I grant that there have been great intellects among the ranks of Protestant theologians. I studied (well, I read) bits of Karl Barth, Rudolf Bultmann, and Paul Tillich in boarding school, and I can’t tell you bupkis about any of them. But I felt, while reading them, that each was cooking up his own recipe with hand-picked ingredients. I can read any Catholic theologian and know that his or her work is a bud on a two-thousand-year rose bush, which taken as a whole is vast, colorful, and aromatic.

5. Catholicism is The Fellowship of the Ring, Protestantism is Harry Potter. Give me a Bible and a moment of inspiration, and I can be a Protestant with a “personal relationship with Jesus Christ.” The Protestant movement is full of lonely wizards: Luther, Calvin, Wesley, Smith—each breaking away from his forebears and setting up business in a storefront. A Protestant means an individual in direct relationship with the Almighty, no intercessors needed, thank you.

Meanwhile, Catholics function well in groups, especially if the groups include wizards, elves, hobbits, assorted bearded men and willowy women, tree-like things called ents, and a bunch of other weird, but loyal allies. And they believe in obedience to higher authority (Gandalf, Aragorn). I have never ever had the same sense of belonging that I have in the Catholic Church—an assortment of oddities my mother never warned me about. And I am quite comfortable, thank you, heeding the words of my pope and my pastor.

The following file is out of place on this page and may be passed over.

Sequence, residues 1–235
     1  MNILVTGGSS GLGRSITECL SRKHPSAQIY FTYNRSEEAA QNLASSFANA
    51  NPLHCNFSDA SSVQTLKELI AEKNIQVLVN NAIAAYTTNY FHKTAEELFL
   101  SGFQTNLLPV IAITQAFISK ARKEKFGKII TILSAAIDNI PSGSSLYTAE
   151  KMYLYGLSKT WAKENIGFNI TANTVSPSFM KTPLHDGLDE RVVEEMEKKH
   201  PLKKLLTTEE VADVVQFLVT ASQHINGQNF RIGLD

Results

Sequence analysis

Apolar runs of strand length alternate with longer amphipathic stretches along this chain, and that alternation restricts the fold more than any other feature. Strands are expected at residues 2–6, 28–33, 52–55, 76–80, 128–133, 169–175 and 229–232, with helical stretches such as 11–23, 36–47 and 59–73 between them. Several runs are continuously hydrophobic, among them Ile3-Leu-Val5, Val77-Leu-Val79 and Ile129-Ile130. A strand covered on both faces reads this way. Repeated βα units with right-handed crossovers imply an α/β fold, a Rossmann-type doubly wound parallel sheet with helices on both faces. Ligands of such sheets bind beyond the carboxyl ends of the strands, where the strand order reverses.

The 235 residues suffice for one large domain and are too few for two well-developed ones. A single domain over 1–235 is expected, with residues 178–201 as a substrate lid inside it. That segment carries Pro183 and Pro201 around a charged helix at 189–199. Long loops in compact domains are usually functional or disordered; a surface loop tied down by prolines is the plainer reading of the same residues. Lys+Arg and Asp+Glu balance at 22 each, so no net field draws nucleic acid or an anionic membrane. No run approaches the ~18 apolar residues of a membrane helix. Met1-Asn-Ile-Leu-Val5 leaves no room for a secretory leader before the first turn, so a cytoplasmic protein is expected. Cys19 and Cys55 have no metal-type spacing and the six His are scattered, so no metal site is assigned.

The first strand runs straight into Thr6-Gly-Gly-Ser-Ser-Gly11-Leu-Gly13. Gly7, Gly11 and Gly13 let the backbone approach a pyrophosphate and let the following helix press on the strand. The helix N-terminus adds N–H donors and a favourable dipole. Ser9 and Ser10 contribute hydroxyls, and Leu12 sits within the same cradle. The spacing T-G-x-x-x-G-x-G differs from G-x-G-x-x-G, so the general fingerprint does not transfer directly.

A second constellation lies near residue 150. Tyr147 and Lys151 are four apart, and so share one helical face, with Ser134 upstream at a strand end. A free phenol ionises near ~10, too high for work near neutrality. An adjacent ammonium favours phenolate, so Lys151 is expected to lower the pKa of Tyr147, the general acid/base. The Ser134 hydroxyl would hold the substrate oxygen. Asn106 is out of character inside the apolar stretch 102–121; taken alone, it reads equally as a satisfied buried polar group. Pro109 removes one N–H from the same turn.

Give me time and I’ll come up with more analogies. But dinner’s almost ready, Marian has just made a killer guacamole, and she returns to school in North Carolina tomorrow. So TTFN. Which makes me think that maybe Catholicism is Tigger, Protestantism Tony the Tiger. But I’ll work on that one . . .

  • jan

    Oh, this is a brilliant piece of writing — and funny!

  • Webster Bull

    I read it to Katie at dinner, and she thinks I'm crazier than ever! :-)

  • Miss Linda

    I am printing this out and taking this with me to Mass tomorrow morning. There are a couple of friends there who will absolutely love this. I agree with Jan–this is brilliant and quite funny!

  • Frank

    This is a great post Webster and you and I could probably go on and on with these analogies. Some would argue that you are making this "too much work" but if you are in love, doesn't that take work if it is to survive? Benign neglect doesn't have a very good track record where relationships are concerned.

  • Warren Jewell